Kudos to Ontario's Liberal government. While their provincial counterparts elsewhere in the country are furiously burying their heads in the sand, Ontario is going to introduce a 10-year plan to replace crumbling infrastructure.
Infrastructure means funding and funding means taxes. Infrastructure also means investment and investment means long-term returns on capital. However not spending on infrastructure only makes the problems more expensive in the long run. There's a reward if you do it and there's an even bigger penalty if you don't.
One of the greatest leadership failings of contemporary politicians is their short-sightedness. When you see the world in the context of the next election cycle, there's a powerful temptation to kick problems down the road. Eventually, however, these problems tend to grow too large to avoid any longer and that's usually when they've become punishingly expensive to address.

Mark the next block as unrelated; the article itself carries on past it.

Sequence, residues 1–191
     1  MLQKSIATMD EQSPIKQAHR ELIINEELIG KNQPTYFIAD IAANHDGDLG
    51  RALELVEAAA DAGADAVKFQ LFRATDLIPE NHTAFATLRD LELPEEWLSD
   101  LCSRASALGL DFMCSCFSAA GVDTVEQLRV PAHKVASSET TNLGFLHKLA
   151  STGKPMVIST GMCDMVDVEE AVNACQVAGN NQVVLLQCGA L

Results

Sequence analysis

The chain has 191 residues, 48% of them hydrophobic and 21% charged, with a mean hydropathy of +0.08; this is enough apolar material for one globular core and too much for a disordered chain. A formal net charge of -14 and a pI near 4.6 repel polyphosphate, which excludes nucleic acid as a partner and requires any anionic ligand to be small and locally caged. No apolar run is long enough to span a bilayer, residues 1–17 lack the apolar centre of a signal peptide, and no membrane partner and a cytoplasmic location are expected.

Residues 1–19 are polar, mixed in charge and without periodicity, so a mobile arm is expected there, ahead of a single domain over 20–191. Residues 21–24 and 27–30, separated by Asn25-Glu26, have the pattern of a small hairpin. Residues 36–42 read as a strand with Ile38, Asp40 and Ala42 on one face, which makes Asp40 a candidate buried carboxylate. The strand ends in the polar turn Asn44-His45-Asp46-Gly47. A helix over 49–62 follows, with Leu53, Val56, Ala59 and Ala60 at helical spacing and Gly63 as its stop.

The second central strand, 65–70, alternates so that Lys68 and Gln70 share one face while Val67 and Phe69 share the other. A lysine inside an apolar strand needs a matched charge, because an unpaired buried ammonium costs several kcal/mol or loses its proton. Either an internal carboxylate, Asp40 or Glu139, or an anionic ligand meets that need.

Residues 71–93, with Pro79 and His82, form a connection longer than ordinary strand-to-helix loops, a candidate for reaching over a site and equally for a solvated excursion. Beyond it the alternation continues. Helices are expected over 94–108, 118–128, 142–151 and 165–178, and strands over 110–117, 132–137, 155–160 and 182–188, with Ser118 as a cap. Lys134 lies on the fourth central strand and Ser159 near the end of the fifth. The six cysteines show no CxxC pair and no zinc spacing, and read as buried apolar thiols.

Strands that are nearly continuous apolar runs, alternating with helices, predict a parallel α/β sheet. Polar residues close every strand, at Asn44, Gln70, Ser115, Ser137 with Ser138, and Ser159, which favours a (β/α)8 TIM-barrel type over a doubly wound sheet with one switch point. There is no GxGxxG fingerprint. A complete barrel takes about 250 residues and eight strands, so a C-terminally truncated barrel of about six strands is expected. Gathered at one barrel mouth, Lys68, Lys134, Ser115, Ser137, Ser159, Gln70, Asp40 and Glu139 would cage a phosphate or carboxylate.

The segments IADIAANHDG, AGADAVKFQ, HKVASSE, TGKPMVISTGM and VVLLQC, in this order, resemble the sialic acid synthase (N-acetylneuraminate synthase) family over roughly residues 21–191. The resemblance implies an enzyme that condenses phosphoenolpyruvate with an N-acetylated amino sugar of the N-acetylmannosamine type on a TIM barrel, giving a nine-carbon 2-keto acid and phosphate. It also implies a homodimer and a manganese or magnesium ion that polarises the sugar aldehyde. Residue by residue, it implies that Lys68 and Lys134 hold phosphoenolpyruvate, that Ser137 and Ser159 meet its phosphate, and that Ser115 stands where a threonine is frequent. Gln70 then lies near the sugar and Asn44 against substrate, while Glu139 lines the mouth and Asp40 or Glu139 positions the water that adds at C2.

Bear in mind, it's not a matter of replacing the sort of infrastructure we enjoyed in the 70s and 80s. That world is gone and it's not coming back for generations to come. We now have to build better, stronger and sometimes different infrastructure to cope with the onset of climate change impacts. Roads, bridges and such have to be built to withstand more heat, more cold and potentially severe flooding. There's not much point building more stuff that's susceptible to those conditions.
Remember back in June when Calgary's SaddleDome was awash in floodwater? By sheer coincidence that was when the World Council on Disaster Management gathered in Toronto for its annual conference. One of the experts in attendance was McGill University professor emeritus, Dr. Saeed Mirza. The professor, a specialist in structural engineering, estimated that Canada needed a trillion dollars worth of infrastructure upgrades to meet the conditions that will be coming at us this century.
So congratulations Ontario for being willing to finally bite the bullet on infrastructure. May you example inspire every other provincial government across this country.